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Have you started to feel the positive effects of the economic recovery?  What recovery, you may ask.  Well, you are not alone.  A recent survey of small business owners (loosely defined as privately-held companies with revenues under $20 million) indicates most are not feeling the effects of an improving economy. How does this resonant with you and your business?


A September survey conducted by the Wall Street Journal and Vistage International of companies nationwide with revenues of $1 million to $20 million indicates that about 47% see the current economy improved compared to one year ago while 45% feel it is the same and 8% feel it is worse.  Sentiments for the upcoming twelve months, however, are not encouraging.  Only 30% feel the national economy will be better while 55% feel it will be the same and 15% think it will be worse.


Encouragingly 73% see their revenues increasing, 22% see them staying the same and only 5% feel they will fall during the next twelve months.  There is not quite as much optimism regarding profitability, however, with 55% saying profits will be better, 35% the same and 10% feeling they will decrease.


Over half the respondents feel they will increase their employee count over the next year while about one-third say they will have the same number and only 6% will have less.  For the past several years I have felt that once the economy began to turn positive business owners would be slow to hire.  For one, many of them went through two, three, or more phases of painful downsizing to get their company “right-sized” and they do not want to hire back too fast.  I say painful because many small businesses are like a family and it is painful to relieve someone of their job who has been with you for 20-30 years.  Another reason I feel caution will be exercised in increasing a company’s labor force is technology.  What technologies have been introduced into the marketplace since the downturn began five years ago that enables a company to increase its efficiency without a human being?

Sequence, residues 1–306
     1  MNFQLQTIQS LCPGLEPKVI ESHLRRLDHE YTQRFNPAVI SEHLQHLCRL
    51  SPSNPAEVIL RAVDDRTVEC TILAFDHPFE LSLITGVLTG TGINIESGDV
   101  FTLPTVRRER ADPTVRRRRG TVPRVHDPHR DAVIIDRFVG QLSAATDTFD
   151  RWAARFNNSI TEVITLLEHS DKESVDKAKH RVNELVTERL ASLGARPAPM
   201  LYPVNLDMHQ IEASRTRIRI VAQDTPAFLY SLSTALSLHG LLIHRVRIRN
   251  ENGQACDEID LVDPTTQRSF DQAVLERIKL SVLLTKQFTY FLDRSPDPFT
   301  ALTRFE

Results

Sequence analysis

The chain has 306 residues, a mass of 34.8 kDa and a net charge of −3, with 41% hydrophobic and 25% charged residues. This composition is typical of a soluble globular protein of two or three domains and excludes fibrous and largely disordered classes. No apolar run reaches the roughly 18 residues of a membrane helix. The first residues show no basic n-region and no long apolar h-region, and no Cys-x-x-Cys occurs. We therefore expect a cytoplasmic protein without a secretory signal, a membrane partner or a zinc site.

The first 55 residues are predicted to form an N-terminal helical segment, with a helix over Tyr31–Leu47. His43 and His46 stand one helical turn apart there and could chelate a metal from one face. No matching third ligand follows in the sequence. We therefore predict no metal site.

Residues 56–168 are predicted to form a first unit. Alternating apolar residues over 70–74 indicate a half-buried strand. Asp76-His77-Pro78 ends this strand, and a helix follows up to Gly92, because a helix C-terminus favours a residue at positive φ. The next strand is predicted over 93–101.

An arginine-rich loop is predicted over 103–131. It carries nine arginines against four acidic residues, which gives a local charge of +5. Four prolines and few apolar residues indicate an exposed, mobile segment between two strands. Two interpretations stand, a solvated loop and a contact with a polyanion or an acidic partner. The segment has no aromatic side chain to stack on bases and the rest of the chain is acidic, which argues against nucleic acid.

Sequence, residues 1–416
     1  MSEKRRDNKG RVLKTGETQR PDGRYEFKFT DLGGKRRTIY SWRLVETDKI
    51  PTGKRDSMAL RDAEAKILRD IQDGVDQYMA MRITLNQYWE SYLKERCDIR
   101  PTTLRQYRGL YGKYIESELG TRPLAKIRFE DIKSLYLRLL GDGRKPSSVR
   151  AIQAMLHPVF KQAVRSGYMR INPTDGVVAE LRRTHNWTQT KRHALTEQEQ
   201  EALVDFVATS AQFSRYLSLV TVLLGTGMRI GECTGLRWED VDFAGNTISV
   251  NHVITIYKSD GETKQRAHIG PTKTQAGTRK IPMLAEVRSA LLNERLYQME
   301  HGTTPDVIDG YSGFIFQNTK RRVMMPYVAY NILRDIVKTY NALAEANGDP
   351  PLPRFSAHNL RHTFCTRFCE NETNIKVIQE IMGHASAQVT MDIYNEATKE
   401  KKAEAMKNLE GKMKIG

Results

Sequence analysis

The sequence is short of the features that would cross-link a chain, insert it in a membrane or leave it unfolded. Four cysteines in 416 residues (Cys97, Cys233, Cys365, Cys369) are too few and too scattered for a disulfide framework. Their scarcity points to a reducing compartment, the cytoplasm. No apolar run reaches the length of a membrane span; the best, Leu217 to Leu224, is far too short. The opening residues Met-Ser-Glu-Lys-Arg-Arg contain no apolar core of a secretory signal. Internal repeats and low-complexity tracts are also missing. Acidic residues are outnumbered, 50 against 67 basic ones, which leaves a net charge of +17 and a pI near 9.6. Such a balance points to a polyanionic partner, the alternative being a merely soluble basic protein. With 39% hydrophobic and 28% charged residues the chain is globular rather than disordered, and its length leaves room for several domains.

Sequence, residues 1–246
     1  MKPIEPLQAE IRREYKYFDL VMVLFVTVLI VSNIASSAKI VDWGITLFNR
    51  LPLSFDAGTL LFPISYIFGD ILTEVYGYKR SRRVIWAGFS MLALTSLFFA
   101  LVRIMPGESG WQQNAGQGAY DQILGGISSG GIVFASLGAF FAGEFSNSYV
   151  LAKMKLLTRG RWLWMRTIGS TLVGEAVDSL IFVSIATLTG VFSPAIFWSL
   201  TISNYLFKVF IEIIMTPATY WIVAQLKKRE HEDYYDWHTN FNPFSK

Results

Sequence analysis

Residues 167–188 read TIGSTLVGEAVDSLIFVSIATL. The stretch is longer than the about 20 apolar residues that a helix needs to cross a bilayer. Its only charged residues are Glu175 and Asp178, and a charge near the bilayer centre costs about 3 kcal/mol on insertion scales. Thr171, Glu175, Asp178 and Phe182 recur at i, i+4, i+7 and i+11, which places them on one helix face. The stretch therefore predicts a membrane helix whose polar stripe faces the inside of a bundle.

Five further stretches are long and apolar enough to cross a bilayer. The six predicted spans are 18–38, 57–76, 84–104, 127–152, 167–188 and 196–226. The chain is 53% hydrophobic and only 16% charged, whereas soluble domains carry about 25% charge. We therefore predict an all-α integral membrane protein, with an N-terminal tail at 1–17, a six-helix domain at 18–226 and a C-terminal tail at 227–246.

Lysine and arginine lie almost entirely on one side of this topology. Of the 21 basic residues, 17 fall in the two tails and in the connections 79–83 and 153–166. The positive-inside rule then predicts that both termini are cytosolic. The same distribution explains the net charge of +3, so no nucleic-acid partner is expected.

The Hartford’s 2013 Small Business Success Study, which surveyed 2,000 small business owners, indicates small business owners may be more conservative over the next twelve months.  The four major risks to their business they feel are:

1) Slow economic growth (59%)

2) Taxes (42%)

3) Health care costs (40%)

4) Uncertainty with federal regulations (30%)

Regarding the Affordable Care Act about the same amount feel it will have a negative impact on their business (41%) as feel it will have no impact (38%).  Those thinking it will have a positive impact represented 18% of the respondents.

How are you feeling about 2014?  Do the risks above resonate with you, too?

Consider Reading This

The 7 Habits of Highly Effective People: Powerful Lessons in Personal Change by Stephen Covey.  Written in 1990 and still applicable today Covey shares “principles that give us the security to adapt to change and the wisdom and power to take advantage of the opportunities that change creates.”  The book has sold over 15 million copies in 33 countries so there is something about it that appeals to its readers who find applying its core value principles to their business and personal lives rewarding.